I do not consider myself a landscape painter. And then I remember the master teacher and I remove the word ‘landscape’ from my vernacular. And then, suddenly, there is a universe of movement, color, light, and shapes to bend.

 

read Kerri’s blog post about a LANDSCAPE SKETCH

 

Newborn copy

newborn. deconstruction. reconstitution.

 

coffee cups in scion website box copy

 

newborn /landscape sketch ©️ 2019 david robinson

 

 

Mix It [on DR Thursday]

palette copy

True confessions: I never clean my palette. I like the messy build up of color. I like the chunky texture. It serves as a gunky history of my work, a genealogy of paintings past. And then, over time, it becomes a tactile work of art in its own right. Unfettered by any of the mental gymnastics or over-ponderous considerations that plague my “real” work, it is the closest to child-mind that I will achieve. It is accidental. It is free.

This might be a stretch but it is, for me, nevertheless true. I love my palette because it is the place of alchemy in my artist process. It is the true liminal space. I begin with pure color. I smashed the pure color together with another color and transform it into a third color, the hue I intend. On a palette, color becomes intention. And then, once transformed, with a brush or knife I lift the color-intention from my palette and in an action that is often more responsive than creative, I place it onto a canvas. It transforms yet again relative to all the color it touches. An image emerges. More color is called for.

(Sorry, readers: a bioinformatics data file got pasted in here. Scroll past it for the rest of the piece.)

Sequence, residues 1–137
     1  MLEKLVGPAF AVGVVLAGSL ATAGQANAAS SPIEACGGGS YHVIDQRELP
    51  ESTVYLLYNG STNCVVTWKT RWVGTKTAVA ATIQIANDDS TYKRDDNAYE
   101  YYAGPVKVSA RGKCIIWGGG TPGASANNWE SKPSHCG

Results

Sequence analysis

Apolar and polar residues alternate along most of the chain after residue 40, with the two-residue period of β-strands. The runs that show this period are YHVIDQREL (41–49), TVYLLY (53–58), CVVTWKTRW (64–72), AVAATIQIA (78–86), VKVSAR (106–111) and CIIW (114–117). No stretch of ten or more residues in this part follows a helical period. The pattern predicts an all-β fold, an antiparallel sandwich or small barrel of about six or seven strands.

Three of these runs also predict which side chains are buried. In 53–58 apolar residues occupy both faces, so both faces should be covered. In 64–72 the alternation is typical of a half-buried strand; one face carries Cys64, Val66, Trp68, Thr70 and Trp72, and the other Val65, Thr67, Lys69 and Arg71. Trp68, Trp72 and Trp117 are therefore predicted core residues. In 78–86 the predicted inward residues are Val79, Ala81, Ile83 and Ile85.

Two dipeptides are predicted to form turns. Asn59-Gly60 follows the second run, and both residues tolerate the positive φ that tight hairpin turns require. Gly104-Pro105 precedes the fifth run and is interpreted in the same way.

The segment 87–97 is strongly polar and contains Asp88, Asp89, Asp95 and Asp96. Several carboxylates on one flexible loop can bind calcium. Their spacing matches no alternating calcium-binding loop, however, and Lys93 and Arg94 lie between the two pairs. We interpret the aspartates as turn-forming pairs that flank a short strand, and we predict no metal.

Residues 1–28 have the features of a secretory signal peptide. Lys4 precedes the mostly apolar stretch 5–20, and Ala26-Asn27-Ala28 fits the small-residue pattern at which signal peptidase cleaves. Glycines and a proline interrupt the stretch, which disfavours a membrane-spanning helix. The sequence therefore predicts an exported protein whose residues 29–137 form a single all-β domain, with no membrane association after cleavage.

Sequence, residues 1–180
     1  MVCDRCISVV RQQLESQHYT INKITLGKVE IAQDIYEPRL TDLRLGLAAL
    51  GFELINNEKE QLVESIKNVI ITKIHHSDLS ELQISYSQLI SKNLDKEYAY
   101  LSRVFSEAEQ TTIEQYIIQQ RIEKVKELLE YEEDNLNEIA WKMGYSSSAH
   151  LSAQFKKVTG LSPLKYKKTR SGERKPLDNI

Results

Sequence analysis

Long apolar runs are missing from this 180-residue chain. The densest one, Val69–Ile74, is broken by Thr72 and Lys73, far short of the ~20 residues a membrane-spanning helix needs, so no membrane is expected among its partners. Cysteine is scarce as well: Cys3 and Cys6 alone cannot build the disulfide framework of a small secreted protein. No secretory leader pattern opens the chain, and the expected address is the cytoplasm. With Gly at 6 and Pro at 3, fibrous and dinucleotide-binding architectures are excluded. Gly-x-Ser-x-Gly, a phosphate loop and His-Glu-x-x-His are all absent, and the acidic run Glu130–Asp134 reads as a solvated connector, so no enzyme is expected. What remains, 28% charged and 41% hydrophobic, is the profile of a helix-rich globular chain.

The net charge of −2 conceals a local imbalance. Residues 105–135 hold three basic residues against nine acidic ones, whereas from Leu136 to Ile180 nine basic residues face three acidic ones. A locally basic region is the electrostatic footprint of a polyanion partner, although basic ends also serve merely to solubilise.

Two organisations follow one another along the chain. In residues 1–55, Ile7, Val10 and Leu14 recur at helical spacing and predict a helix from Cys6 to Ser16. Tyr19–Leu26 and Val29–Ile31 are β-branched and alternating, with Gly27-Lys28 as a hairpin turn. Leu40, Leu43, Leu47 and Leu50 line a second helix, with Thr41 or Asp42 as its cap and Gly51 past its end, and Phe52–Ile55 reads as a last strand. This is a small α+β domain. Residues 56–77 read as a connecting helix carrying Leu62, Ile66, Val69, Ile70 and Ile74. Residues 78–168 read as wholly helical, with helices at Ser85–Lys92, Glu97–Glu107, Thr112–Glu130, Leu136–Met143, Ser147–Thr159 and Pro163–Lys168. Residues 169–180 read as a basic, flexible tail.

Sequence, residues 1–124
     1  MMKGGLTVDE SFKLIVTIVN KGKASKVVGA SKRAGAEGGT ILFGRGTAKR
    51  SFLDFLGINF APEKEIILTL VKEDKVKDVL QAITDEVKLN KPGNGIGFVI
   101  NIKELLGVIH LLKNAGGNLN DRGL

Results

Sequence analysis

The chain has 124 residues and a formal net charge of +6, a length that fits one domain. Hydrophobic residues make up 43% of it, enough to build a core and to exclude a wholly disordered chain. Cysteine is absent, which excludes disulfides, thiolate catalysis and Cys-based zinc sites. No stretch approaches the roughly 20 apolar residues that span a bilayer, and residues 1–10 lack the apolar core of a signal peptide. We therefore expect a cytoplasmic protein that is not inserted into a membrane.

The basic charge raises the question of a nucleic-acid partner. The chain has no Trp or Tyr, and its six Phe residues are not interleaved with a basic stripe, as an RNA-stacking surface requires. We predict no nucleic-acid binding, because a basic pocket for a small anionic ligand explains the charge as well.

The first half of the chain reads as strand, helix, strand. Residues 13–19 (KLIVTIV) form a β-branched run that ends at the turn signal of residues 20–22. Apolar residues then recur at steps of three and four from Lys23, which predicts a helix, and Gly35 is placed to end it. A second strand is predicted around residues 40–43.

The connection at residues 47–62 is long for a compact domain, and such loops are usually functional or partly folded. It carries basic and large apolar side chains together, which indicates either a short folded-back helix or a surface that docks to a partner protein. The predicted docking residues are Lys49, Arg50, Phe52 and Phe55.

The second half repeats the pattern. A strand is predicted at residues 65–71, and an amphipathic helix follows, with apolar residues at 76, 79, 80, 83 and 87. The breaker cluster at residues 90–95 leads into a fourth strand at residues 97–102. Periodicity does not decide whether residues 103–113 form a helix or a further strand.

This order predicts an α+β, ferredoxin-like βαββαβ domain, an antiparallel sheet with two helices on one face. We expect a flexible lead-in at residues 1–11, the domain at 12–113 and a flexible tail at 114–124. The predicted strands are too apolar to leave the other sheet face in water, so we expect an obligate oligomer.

And, somewhere in this call and response of color, I become like the palette. The pass-through of alchemy, the door that color passes through en route to something beautiful. And, in the process, perhaps I, too, in my messy build up of life/color, grow closer to that child mind. Unfettered. Accidentally interesting. Free.